Meeting both business and personal demands has long been a juggling act for women entrepreneurs. Between the long hours, travel, meetings and employee and customer challenges, there’s little time left for personal needs. We asked Canada’s leading businesswomen to tell us how they effectively manage work/life balance. Each issue we’ll bring you the tactics and strategies that help women business owners grow their companies and careers, while still finding a little “me” time.
Joyce Groote is CEO of Holey Soles Holdings Inc., a Vancouver-based designer and producer of injection-molded foam footwear. Holey Soles’s colourful, ultra-comfortable clogs are sold throughout North America, Australia, New Zealand, South Africa and Europe, both under the Holey Soles brand and as private-label products. Product sales now exceed $1 million a month.
Like many successful entrepreneurs, Groote sets business goals and then creates action plans to generate the results she wants. The process has worked so well that’s she’s applied it to her personal life, too. “It’s a different way to look at life, and I don’t know a lot of people who do this,” says Groote. But her efforts pay off. Groote knows exactly what she wants, how to get there, and has a keen awareness of where her balance point lies.
Looking to create more structure in her life, 49-year-old Groote began the process six years ago with a personal “SWOT” analysis, listing her strengths, weaknesses, opportunities and threats. “What a hard thing to do,” she says. “You have to face yourself.” Still, she persevered, and followed up by creating a five- and ten-year plan for herself. First, she decided what was important to her: fitness and nutrition, spiritual and intellectual life, professional interests, and family and friends. Then for each of these four areas, she set priorities and goals, and came up with action strategies for achieving these goals.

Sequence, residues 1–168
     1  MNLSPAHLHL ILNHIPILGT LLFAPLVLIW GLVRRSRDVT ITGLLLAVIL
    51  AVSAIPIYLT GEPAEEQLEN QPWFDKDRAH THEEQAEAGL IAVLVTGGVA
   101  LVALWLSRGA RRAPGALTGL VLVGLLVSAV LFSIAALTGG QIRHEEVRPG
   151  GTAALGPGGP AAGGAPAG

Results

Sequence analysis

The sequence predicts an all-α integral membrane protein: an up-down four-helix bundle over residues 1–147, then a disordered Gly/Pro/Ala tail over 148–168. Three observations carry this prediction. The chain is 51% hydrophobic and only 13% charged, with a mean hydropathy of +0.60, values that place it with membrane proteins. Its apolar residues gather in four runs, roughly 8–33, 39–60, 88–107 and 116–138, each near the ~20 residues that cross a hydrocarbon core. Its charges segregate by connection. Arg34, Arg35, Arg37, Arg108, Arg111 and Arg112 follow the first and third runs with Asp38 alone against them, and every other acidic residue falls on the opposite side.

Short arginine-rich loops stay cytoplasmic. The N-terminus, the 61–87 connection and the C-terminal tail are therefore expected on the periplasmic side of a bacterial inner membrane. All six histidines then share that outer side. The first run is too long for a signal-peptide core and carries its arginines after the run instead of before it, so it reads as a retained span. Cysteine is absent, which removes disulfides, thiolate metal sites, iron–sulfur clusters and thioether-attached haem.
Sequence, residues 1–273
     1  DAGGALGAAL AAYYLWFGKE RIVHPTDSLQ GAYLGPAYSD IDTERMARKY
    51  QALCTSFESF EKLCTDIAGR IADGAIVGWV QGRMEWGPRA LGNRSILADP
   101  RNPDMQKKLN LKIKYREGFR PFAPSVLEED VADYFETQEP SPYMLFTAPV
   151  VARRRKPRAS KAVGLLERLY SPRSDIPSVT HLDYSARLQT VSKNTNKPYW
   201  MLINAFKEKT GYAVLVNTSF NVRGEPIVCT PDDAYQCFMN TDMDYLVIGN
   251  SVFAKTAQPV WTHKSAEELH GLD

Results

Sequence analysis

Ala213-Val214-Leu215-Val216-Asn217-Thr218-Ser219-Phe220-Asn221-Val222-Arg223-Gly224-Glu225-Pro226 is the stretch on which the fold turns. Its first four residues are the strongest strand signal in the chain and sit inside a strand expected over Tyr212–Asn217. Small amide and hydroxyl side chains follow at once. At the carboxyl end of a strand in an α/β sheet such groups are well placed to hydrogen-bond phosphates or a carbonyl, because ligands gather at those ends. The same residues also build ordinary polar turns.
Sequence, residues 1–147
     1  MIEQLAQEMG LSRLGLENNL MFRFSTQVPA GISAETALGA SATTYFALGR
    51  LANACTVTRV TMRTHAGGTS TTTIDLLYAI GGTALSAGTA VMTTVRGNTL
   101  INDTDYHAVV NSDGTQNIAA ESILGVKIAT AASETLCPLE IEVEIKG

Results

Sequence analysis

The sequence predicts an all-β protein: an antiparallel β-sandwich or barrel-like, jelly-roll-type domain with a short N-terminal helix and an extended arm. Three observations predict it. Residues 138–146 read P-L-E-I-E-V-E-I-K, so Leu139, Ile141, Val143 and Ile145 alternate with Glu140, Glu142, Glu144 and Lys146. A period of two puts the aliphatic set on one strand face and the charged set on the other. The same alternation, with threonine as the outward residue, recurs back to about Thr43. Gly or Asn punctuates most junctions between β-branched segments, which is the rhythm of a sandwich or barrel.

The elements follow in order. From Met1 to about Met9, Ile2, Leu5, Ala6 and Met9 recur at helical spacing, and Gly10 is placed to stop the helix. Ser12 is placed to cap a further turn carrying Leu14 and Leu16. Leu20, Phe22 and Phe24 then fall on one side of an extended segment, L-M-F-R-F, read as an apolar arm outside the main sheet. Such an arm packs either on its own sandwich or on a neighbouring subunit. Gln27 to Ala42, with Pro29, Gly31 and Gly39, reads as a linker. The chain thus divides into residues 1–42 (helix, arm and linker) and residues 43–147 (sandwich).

In the area of fitness and nutrition, for example, she aims to exercise twice a week, no matter how hectic her schedule is. And though she needs to eat out during frequent business trips, she says, “I try to set parameters, like I’m only going to allow myself to eat French fries once a week.”
The spiritual/intellectual component means “having time for music, time to read, and time for self-development,” says Groote. “I set myself objectives like reading a couple of books a month, one for fun and the other to inspire and teach me.”
And because spending lots of time with family and friends is tough when you’re building a company, says Groote, her goal is to “try and take the time that I do have and make it count.” At dinnertime, for example, “I light candles with my husband, we talk about our day, talk about what we want to do for the next weekend. It’s our time to connect, so we make sure we take at least an hour to do that.”
Just as a business plan helps to keep a company on course, Groote’s plan helps her decide if an activity is worth spending time on. “It’s made many decisions much, much easier, because they either fit [with my goals] or they didn’t,” she says. “It allows me to keep my eye on the ball.”
The key is to get your priorities out of your head and onto paper where you can look at them regularly, or like a typical New Year’s resolution, your best intentions will soon be forgotten. While it sounds formulaic, Groote says she needs that structure. “It’s not to take away spontaneity and flexibility,” she says, “but it gives a much higher probability that what I want to happen, will.”
That’s not to say that once you have a plan sticking to goals is easy. “If I’m on the road or doing PR or marketing or business work, yeah, it’s hard.” When Groot does go off track, she’s quick to forgives herself and resolves to get back on schedule.
Nobody has perfect balance all the time, so you need to look at where you want to be, and fine tune it by making adjustments, notes Groote: “I achieve balance more often than I would otherwise, because I’m cognizant of where that balance is, and when I go too far one way or the other.”